Engineering Design & Manufacture
An overview of manufacturing and the manufacturing industry will provide a general appreciation of the range of processes employed in manufacturing together with an understanding of how components can be manufactured economically and reliably.
Advanced Programming (20 credits)
This module will further your skills in object-oriented programming, provide knowledge of key abstract data types along with their implementation and usage, and provide experience in the development of larger scale software and an introduction to design.
Your main goal is to be able to develop larger programs with specialised data structures and utilising APIs from a specification, and be able to ensure and show how the system they developed matches the specification.
Computer Systems & Architecture (20 credits)
This module will allow you to develop a deeper understanding of typical computer architectures and their instruction sets and the complex tradeoffs between CPU clock speed, cache size, bus organisation, number of core processors, etc, that influence their design and have a fundamental impact on their performance.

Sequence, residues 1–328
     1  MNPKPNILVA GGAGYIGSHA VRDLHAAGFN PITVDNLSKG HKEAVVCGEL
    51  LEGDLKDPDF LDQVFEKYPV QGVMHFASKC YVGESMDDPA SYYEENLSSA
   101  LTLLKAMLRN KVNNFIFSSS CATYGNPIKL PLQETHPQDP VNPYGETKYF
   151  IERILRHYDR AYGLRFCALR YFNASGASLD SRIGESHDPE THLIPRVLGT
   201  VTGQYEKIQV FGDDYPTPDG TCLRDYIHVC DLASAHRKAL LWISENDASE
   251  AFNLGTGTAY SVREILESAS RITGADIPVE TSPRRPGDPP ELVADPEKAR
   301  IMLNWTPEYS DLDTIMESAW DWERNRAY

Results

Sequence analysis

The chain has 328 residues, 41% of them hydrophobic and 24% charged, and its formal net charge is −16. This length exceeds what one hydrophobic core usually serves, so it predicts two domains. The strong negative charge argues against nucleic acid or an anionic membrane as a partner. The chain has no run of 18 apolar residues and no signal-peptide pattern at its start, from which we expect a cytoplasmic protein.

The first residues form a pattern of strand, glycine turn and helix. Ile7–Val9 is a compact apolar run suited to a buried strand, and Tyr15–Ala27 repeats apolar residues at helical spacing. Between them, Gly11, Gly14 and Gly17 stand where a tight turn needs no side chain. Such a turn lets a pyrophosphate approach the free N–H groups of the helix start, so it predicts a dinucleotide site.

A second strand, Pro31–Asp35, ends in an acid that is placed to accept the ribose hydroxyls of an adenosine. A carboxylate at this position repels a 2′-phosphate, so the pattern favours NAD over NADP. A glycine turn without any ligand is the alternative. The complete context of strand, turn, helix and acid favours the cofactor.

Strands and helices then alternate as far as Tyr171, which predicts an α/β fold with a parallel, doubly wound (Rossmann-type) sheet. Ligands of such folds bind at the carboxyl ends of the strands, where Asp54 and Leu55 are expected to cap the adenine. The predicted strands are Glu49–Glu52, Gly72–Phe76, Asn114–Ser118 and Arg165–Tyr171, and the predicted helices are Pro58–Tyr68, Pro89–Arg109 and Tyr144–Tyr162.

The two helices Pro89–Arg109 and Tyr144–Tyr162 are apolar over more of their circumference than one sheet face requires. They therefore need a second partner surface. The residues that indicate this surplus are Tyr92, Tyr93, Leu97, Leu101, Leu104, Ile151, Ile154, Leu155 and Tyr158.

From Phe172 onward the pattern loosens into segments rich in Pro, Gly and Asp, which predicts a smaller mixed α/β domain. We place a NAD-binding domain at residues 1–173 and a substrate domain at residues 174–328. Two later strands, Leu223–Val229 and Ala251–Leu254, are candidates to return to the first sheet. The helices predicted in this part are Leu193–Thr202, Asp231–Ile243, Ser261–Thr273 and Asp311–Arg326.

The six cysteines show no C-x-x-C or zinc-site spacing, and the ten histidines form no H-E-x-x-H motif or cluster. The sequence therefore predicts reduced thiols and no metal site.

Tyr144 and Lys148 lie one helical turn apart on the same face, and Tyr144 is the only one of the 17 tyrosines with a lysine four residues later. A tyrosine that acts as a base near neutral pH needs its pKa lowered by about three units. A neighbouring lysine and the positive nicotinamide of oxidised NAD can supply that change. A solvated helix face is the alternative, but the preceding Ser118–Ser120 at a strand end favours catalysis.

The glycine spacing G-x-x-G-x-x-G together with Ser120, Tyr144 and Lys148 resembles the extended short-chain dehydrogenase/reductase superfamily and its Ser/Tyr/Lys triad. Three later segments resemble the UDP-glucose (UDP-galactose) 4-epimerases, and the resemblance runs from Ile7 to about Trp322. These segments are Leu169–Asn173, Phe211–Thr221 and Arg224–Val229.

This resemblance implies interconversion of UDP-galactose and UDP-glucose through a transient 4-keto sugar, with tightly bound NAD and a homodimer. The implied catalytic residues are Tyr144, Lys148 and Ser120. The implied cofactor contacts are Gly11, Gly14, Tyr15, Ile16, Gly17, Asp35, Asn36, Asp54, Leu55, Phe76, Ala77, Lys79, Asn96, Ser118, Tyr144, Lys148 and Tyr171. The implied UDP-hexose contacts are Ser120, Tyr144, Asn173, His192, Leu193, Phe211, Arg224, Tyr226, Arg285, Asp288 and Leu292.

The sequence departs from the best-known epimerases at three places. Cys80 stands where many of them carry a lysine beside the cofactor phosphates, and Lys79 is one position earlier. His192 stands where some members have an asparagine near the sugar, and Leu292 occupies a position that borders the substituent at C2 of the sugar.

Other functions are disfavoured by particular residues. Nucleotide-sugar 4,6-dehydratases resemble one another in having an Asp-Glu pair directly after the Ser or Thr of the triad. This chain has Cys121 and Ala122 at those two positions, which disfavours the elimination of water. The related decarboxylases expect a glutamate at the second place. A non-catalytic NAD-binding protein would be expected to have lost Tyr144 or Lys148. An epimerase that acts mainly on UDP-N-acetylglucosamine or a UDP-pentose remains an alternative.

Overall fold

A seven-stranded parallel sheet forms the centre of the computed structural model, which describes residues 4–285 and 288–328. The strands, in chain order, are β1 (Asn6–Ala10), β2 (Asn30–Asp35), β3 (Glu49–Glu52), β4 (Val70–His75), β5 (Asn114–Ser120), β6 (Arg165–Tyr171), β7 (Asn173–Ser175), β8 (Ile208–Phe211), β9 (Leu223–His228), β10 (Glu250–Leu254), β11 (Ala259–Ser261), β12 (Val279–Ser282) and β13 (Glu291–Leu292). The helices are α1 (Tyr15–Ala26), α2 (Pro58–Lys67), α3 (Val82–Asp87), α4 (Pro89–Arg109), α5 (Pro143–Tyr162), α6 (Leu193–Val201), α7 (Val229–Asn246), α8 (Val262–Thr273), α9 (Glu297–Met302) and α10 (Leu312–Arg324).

Electronic & Electrical Principles 2
Digital Electronic & Programming Design
To introduce you to the use of digital electronics and the rudiments of digital signal processing systems.
Engineering Mathematics 3E
- to develop the means of solving certain differential equations
- to consider applications of Taylor and Maclaurin series
- to generalise earlier ideas in calculus to deal with functions of several variables
- to discuss in more detail matrices, determinants and functions of a complex variable
- to introduce vector calculus and eigenvalues/eigenvectors
A maximum of two classes are to be chosen.
Logic & Algorithms (20 credits)